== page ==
OBS IRIS Merlin
english francais deutsch

IRIS 2009-9:6/6

Austria

Even Non-Commercial Advertising is Advertising

print add to caddie Word File PDF File

Robert Rittler

Gassauer-Fleissner Attorneys at Law, Vienna

On 24 February 2009, the Oberste Gerichtshof (Supreme Court - OGH) ruled that non-commercial advertising broadcast in return for payment is subject to the limits on advertising time laid down in broadcasting legislation.

The plaintiff in this case was a private broadcasting company, while the defendant was √Ėsterreichische Rundfunk (Austrian public service broadcaster - ORF). The parties disputed whether ORF had exceeded the limit of six minutes of advertising on a particular day on a regional radio station. The courts ruled that this was the case if an appeal for donations to support the training of priests in the Third World, which had been broadcast in return for payment, counted as "radio advertising" and was therefore subject to the advertising time limit.

The OGH explained that the appeal did not represent commercial advertising in the sense of Art. 13 (1) of the ORF-Gesetz (ORF Act - ORF-G) because it did not aim "to promote sales of goods or the provision of services [...] in return for payment." However, the ORF-G did count non-commercial advertising as advertising in the broader sense of the term. The OGH stressed that the legal principles and consequences enshrined in the ORF-G applied to ORF's radio as well as its television advertising. This was the case even though the rules on television advertising had been issued in accordance with the Television Without Frontiers Directive (89/552/EEC - TWF Directive) and the European Convention on Transfrontier Television, and the legislative body could have adopted different rules for radio advertising. The opinion that non-commercial advertising was subject to the advertising time limit could not be challenged under European law, since Art. 3 of the TWF Directive permitted Member States to adopt stricter rules and therefore to include non-commercial advertising. This was necessary in order to comply with the provisions of the European Convention on Transfrontier Television. The Convention's definition of advertising in Art. 2 (f) included any public announcement in return for payment or for self-promotional purposes intended "to advance a cause or idea, or to bring about some other effect desired by the advertiser or the broadcaster itself". Even charity appeals were intended to advance a "cause". The advertising restrictions enshrined in the Convention were based on this broad definition and were therefore stricter than those contained in Community law. The concept of advertising in the ORF-G must therefore include non-commercial advertising.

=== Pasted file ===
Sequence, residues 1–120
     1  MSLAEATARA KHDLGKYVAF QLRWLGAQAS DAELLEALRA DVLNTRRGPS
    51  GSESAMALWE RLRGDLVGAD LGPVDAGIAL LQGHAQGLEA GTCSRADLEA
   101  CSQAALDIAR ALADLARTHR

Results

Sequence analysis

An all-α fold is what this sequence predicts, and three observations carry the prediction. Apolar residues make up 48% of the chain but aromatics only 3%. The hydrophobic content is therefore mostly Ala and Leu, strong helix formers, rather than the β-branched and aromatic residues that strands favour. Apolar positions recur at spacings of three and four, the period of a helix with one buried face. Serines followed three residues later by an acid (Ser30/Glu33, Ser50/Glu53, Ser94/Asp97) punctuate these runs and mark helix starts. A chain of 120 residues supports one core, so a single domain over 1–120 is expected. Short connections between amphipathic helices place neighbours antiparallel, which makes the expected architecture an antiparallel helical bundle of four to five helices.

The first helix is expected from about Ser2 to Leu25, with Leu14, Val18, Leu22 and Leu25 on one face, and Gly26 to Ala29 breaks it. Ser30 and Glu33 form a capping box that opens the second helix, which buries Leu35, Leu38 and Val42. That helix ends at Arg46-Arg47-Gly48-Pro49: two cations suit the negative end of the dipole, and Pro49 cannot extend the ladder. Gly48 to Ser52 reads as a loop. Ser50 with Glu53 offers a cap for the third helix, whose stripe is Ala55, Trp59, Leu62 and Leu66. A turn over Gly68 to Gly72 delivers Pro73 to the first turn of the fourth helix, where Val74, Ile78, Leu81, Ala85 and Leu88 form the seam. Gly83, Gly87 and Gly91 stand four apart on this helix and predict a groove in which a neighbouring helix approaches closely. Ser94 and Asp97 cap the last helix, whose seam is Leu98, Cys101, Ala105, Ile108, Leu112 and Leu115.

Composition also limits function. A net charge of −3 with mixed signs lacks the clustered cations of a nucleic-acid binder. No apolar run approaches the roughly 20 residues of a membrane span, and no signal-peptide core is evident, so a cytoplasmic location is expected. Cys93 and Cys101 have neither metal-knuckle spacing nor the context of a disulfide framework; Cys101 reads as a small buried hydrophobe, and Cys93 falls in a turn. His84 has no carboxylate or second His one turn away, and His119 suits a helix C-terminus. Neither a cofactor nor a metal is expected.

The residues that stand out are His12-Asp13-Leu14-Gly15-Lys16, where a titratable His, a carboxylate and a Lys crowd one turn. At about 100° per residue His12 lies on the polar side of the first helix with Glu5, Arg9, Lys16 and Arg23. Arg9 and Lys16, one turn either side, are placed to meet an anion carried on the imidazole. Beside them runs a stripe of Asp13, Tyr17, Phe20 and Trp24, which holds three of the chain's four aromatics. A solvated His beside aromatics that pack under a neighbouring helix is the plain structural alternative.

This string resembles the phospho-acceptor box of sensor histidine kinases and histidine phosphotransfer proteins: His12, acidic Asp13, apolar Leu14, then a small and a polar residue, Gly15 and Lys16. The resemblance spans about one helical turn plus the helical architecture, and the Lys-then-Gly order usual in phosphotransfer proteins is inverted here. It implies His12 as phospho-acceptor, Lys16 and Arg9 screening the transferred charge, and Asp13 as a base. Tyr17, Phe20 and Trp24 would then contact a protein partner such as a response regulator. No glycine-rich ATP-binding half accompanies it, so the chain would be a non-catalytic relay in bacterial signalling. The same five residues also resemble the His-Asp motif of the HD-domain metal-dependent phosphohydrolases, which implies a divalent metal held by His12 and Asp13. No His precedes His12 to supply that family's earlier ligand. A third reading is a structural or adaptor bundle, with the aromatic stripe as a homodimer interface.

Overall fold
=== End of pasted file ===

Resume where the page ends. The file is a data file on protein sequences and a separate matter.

Finally, the Supreme Court ruled that the appeal did not constitute a "contribution in the general interest", which would have been exempt from the advertising time limit, because it had been broadcast in return for payment. The spot should therefore have counted towards the daily limit.

References
Entscheidung des OGH (Gz.: 4 Ob 223/08k) vom 24. Februar 2009, wbl 2009, 365/162 (Juli-Ausgabe) DE
 http://merlin.obs.coe.int/redirect.php?id=11856
 
  Ruling of the OGH (case no. 4 Ob 223/08k), 24 February 2009, wbl 2009, 365/162 (July issue) EN
 http://merlin.obs.coe.int/redirect.php?id=11856
  FR
 http://merlin.obs.coe.int/redirect.php?id=11856